Basic ideas for HDTV
The concept behind high-definition television is actually not to increase the definition per unit area ... but rather to increase the percentage of the visual field contained by the image.
The majority of proposed analogue and digital HDTV systems are working toward approximately a 100% increase in the number of horizontal and vertical pixels. (Proposals are roughly 1 MB per frame with roughly 1000 lines by 1000 horizontal points). This typically results in a factor of 2-3 improvement in the angle of the vertical and horizontal fields. Most of HDTV proposals also change the aspect ratio to 16/9 from 4/3 -- making the image more "movie-like".
NOTE: The aspect ratio of the picture is defined to be the ratio of the picture width W to its height H. The optimal viewing distance (expressed in picture heights, H) is the distance at which the eye can just perceive the detail elements in the picture.
Broadcasters are having to squeeze the increased picture detail and higher quality surround sound into the same 6-megahertz (MHz) bandwidth used by analog television. Compression software, very similar to what is used in personal computing, allows this to happen.
Digital TV relies on a compression and encoding scheme known as MPEG-2 to fit its stunning images into a reasonable amount of bandwidth. In each image, the MPEG-2 software records just enough of the picture without making it look like something is missing. In subsequent frames, the software only records changes to the image and leaves the rest of the image as-is from the previous frame. MPEG-2 reduces the amount of data by about 55 to 1.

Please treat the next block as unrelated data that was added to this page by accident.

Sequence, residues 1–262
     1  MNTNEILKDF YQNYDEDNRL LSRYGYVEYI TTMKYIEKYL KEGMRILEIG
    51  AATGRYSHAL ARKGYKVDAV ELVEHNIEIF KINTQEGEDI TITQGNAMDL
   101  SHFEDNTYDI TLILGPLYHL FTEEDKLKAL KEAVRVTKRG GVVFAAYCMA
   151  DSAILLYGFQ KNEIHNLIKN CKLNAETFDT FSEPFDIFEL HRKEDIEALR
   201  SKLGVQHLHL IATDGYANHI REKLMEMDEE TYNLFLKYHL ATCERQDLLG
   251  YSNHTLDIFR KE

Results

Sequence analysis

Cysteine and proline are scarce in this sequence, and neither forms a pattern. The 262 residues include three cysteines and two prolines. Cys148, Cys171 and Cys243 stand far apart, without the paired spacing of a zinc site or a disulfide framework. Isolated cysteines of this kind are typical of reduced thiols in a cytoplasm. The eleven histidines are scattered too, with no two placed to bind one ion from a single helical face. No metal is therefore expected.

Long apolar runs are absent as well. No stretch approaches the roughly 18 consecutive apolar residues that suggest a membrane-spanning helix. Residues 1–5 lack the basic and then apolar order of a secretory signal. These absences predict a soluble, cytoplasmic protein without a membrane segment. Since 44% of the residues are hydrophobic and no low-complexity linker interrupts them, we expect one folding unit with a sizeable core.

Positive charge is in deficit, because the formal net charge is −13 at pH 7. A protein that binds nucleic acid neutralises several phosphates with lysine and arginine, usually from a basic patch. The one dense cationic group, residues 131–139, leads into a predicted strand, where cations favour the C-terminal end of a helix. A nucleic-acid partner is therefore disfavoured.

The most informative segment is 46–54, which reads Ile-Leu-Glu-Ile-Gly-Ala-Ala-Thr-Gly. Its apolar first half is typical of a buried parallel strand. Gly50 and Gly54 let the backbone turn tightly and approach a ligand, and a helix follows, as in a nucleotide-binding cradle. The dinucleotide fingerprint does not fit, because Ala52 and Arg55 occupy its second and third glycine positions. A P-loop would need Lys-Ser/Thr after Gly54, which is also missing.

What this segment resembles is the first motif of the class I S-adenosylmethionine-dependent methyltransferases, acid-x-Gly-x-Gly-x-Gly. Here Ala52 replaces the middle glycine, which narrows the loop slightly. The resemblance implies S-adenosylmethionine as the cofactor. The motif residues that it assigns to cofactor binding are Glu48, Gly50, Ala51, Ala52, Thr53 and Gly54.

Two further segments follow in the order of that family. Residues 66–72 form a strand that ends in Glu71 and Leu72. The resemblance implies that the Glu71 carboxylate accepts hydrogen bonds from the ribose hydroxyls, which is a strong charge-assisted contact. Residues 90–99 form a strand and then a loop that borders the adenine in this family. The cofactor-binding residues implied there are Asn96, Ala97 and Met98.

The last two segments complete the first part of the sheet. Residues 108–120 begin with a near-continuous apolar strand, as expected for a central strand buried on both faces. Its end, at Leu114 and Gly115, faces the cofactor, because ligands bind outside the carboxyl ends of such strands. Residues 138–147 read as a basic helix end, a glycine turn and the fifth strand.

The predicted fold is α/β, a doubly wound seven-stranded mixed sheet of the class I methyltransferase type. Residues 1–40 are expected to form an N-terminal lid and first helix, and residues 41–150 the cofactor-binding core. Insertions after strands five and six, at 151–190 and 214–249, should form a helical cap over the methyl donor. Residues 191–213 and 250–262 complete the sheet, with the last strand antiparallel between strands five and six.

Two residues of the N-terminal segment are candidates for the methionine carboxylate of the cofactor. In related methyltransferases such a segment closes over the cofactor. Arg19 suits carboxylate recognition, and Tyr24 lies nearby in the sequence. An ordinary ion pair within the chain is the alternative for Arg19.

MPEG-2 already is the industry standard for DVD videos and some of the satellite TV broadcast systems. Compression reduces image quality from what is seen by the digital camera at the studio. However, MPEG-2 is very good at throwing away image detail that the human eye ignores anyway. The quality of the image is very good, and significantly better than traditional analog TV.
The use of MPEG-2 permits an HDTV receiver to interact with computer multimedia applications directly. For example, an HDTV show could be recorded on a multimedia computer, and CD-ROM applications could be played on HDTV systems. A digital TV decodes the MPEG-2 signal and displays it just as a computer monitor does, giving it high resolution and stability.
There are HDTV stations "on the air" in many large cities. The first HDTV station was WRAL-HD in Raleigh, NC.